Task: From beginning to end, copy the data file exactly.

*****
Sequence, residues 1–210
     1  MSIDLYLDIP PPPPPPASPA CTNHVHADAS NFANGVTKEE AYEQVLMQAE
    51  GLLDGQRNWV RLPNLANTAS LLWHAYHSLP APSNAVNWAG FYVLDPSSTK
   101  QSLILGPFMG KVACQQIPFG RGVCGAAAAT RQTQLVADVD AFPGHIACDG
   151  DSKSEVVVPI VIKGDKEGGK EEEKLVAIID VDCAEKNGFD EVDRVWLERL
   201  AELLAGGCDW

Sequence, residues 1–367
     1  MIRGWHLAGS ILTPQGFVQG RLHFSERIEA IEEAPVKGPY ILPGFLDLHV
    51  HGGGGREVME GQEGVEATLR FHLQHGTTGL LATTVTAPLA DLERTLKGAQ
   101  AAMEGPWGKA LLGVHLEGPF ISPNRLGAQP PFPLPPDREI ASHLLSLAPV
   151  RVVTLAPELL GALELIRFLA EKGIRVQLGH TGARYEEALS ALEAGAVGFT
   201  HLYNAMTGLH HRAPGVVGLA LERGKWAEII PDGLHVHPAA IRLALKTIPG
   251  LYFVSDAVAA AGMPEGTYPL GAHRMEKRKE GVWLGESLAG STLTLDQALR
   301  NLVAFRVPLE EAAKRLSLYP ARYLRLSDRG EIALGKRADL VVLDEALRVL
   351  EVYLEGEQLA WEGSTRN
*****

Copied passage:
Sequence, residues 1–210
     1  MSIDLYLDIP PPPPPPASPA CTNHVHADAS NFANGVTKEE AYEQVLMQAE
    51  GLLDGQRNWV RLPNLANTAS LLWHAYHSLP APSNAVNWAG FYVLDPSSTK
   101  QSLILGPFMG KVACQQIPFG RGVCGAAAAT RQTQLVADVD AFPGHIACDG
   151  DSKSEVVVPI VIKGDKEGGK EEEKLVAIID VDCAEKNGFD EVDRVWLERL
   201  AELLAGGCDW

Sequence, residues 1–367
     1  MIRGWHLAGS ILTPQGFVQG RLHFSERIEA IEEAPVKGPY ILPGFLDLHV
    51  HGGGGREVME GQEGVEATLR FHLQHGTTGL LATTVTAPLA DLERTLKGAQ
   101  AAMEGPWGKA LLGVHLEGPF ISPNRLGAQP PFPLPPDREI ASHLLSLAPV
   151  RVVTLAPELL GALELIRFLA EKGIRVQLGH TGARYEEALS ALEAGAVGFT
   201  HLYNAMTGLH HRAPGVVGLA LERGKWAEII PDGLHVHPAA IRLALKTIPG
   251  LYFVSDAVAA AGMPEGTYPL GAHRMEKRKE GVWLGESLAG STLTLDQALR
   301  NLVAFRVPLE EAAKRLSLYP ARYLRLSDRG EIALGKRADL VVLDEALRVL
   351  EVYLEGEQLA WEGSTRN